Yeti has long been a big name in the cooler world, and they continue to prove themselves worthy of the hype with the Tundra 65. This cooler proves itself in every test we can throw at it, easily winning our Editors' Choice Award. It has some of the best-performing insulation in the game and is intensely durable. It does everything you want from a chest cooler and more. With an included dry bin for sensitive items, handles that are comfortable and easy to use (even with sweaty palms…), and the right combination of size and shape for all your picnic necessities, the Tundra is likely the last cooler you'll ever need. Often imitated, but not outdone, this impressive cooler lacks only a leash for the drain plug to make it the ideal all-around cooler on the market.
Yeti Tundra 65 Review
Compare prices at 3 resellers Pros: Excellent insulation, super durable, easy to use, great size
Cons: Expensive, no leash for plug, smaller than claimed
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Yeti Tundra 65
|Price||Check Price at Amazon|
Compare at 3 sellers
|$288.34 at Amazon||$296.38 at Amazon||$343.22 at Amazon|
Compare at 2 sellers
|$238.44 at Amazon|
|Pros||Excellent insulation, super durable, easy to use, great size||Excellent insulation, great drainage, durable, compact design||Very durable, good insulation, comfortable handle grips||The best wheels, very durable, comfortable to pull, useful accessories||Pretty good insulation, convenient size, comparatively lightweight, good price|
|Cons||Expensive, no leash for plug, smaller than claimed||Tall narrow shape is hard to dig through, expensive, not our favorite handles||A bit large for one person, no leash for plug, latches are scarily stretchy||Not amazing insulation, awkward latches, expensive, on the heavy side||Handles uncomfortable, not our favorite latches|
|Bottom Line||If you want the best insulation and the longest lasting cooler, look no further than this simple yet effective model.||Excellent insulation in a compact, durable cooler.||A high-performing and durable cooler with solid usability features.||A wheeled cooler that is even more handy than you’d imagine.||An above-average performer that comes in funky colors offers a good value.|
|Rating Categories||Yeti Tundra 65||ORCA 58 Quart||RTIC 65||RovR RollR 60||Engel 65|
|Ease Of Use (15%)|
|Specs||Yeti Tundra 65||ORCA 58 Quart||RTIC 65||RovR RollR 60||Engel 65|
|Shelf Life of Food (Measured Days Below 40ºF)||6.5 days||6.5 days||6 days||4.7 days||5.6 days|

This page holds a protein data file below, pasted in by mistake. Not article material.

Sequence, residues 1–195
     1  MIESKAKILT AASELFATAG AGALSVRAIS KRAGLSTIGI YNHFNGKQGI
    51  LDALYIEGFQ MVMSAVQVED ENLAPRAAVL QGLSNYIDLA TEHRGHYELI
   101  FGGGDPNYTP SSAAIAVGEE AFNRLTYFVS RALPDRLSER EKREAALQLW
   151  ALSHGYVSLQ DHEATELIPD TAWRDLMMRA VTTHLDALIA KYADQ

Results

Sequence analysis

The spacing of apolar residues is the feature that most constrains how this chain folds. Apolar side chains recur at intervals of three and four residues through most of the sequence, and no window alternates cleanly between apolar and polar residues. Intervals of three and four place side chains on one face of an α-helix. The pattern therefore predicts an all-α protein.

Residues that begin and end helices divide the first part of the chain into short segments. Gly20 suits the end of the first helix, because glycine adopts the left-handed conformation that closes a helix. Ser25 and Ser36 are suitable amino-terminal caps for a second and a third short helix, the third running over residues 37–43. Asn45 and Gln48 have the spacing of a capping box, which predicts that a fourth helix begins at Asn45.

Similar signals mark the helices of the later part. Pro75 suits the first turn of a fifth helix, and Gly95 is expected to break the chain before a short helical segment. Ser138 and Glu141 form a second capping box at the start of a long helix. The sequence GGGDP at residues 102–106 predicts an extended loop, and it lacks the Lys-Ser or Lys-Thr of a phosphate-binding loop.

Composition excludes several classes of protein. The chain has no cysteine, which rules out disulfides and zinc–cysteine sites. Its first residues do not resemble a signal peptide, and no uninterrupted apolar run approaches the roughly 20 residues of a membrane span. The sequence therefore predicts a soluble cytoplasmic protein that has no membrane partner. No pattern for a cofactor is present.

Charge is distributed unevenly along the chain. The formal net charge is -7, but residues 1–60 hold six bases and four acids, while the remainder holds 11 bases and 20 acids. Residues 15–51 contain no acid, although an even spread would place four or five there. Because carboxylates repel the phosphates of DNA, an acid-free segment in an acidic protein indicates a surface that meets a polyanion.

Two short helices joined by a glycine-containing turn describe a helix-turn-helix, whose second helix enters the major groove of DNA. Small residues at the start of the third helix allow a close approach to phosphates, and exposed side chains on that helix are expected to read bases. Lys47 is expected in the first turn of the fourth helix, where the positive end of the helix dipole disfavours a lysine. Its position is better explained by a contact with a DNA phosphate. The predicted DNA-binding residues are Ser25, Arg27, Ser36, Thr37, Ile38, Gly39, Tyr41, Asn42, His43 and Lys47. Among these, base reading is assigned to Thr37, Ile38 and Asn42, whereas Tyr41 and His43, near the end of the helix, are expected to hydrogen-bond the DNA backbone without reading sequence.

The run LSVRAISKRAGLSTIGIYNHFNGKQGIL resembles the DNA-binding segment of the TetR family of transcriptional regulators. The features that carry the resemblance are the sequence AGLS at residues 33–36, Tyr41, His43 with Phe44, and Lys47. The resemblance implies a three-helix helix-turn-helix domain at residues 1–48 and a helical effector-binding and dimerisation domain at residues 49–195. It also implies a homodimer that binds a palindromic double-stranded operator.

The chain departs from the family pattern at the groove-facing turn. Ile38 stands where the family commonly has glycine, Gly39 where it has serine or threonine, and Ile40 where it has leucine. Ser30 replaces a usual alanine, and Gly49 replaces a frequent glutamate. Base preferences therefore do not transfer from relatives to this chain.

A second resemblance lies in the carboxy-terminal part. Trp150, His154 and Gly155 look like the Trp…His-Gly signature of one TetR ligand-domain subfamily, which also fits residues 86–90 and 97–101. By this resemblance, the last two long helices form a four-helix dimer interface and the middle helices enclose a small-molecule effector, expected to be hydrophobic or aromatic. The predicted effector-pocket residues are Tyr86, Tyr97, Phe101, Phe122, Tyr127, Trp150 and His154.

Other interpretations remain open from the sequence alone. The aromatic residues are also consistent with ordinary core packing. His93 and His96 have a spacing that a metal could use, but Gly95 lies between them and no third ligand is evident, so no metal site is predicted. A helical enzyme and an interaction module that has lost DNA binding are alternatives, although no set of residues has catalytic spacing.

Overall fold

|Weight (lbs)||31.9 lb||30.6 lb||34.9 lb||40.5 lb||25.5 lb|
|Measured Capacity (quarts)||56 qt||56 qt||67 qt||60 qt||54 qt|
|Advertised Capacity (quarts)||65 qt||58 qt||65 qt||60 qt||65 qt|
|Days of Cold Beverages (Measured Days Below 50º F)||7.4 days||7.3 days||6.8 days||5.3 days||6 days|
|Exterior Dimensions (L x W x H)||30.75" x 17.5" x 16"||26.75" x 20" x 19.4"||32" x 18.5" x 17"||25.9"/40.25" x 20.75" x 20"||29.5" x 17" x 16.6"|
Our Analysis and Test Results
It's hard to ask much more from a cooler than what the Tundra provides in insulation. Tied with just one other impressive cooler, the Tundra lasted the longest in our insulation testing, holding food-safe temperatures below 40º F for 6.5 days and optimal beer temperatures of 50º or less for 7.4 days. Though it's not the only model we tested that's rotomolded (most of them are, in fact), nor is it the only cooler with an integrated hinge and a freezer-quality gasket, these traits combined with an ideal shape help the Tundra to maintain colder temperatures for much longer. Unlike many of the other visually similar models, the Tundra is low and long without being too wide for one person to comfortably carry, and large enough to keep everything you want without being so big it loses cold air through a large surface area.
Yeti no longer makes specific claims of ice retention, as they admit that this number will vary greatly depending on what you do to prep your Tundra and what you decide to put in it. Considering we did not pre-cool these models to prep them during testing and made no effort to baby them with frozen contents, the 6.5 days this cooler kept its contents at USDA approved temperatures is even more impressive. When it comes to insulation, the Yeti Tundra is a seriously remarkable cooler.
One of several coolers in our review certified for use in grizzly bear country by the Interagency Grizzly Bear Committee, the Tundra shares the limelight with a growing number of other rotomolded (and some non-rotomolded) coolers. This impressively durable cooler has more tricks up its proverbial sleeves. It's intensely sturdy and even features a textured lid that makes it more comfortable to sit on when you're hot and sticky, as well as a more friction-friendly stepladder in a pinch. The integrated hinge has no problems overextending without breaking - though it does make some interesting noises. The often imitated rubber latches are the Goldilocks of thickness and flexibility, lending both durability and peace of mind that they aren't going to break when your toddler yanks on them.